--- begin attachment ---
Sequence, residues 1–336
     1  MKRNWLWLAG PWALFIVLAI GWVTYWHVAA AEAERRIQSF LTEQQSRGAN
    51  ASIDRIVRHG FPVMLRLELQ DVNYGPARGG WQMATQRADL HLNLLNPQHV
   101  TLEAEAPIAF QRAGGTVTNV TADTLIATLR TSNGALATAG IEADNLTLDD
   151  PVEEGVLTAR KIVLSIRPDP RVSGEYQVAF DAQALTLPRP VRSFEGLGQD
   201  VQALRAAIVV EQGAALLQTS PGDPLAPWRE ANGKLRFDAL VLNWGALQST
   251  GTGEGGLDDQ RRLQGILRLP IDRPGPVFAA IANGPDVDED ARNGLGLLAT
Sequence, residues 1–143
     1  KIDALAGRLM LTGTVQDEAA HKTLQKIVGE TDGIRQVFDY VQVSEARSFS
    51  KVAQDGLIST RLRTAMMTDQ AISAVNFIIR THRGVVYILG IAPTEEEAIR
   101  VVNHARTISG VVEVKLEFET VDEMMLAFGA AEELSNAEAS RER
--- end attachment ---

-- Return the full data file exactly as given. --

Sequence, residues 1–336
     1  MKRNWLWLAG PWALFIVLAI GWVTYWHVAA AEAERRIQSF LTEQQSRGAN
    51  ASIDRIVRHG FPVMLRLELQ DVNYGPARGG WQMATQRADL HLNLLNPQHV
   101  TLEAEAPIAF QRAGGTVTNV TADTLIATLR TSNGALATAG IEADNLTLDD
   151  PVEEGVLTAR KIVLSIRPDP RVSGEYQVAF DAQALTLPRP VRSFEGLGQD
   201  VQALRAAIVV EQGAALLQTS PGDPLAPWRE ANGKLRFDAL VLNWGALQST
   251  GTGEGGLDDQ RRLQGILRLP IDRPGPVFAA IANGPDVDED ARNGLGLLAT
Sequence, residues 1–143
     1  KIDALAGRLM LTGTVQDEAA HKTLQKIVGE TDGIRQVFDY VQVSEARSFS
    51  KVAQDGLIST RLRTAMMTDQ AISAVNFIIR THRGVVYILG IAPTEEEAIR
   101  VVNHARTISG VVEVKLEFET VDEMMLAFGA AEELSNAEAS RER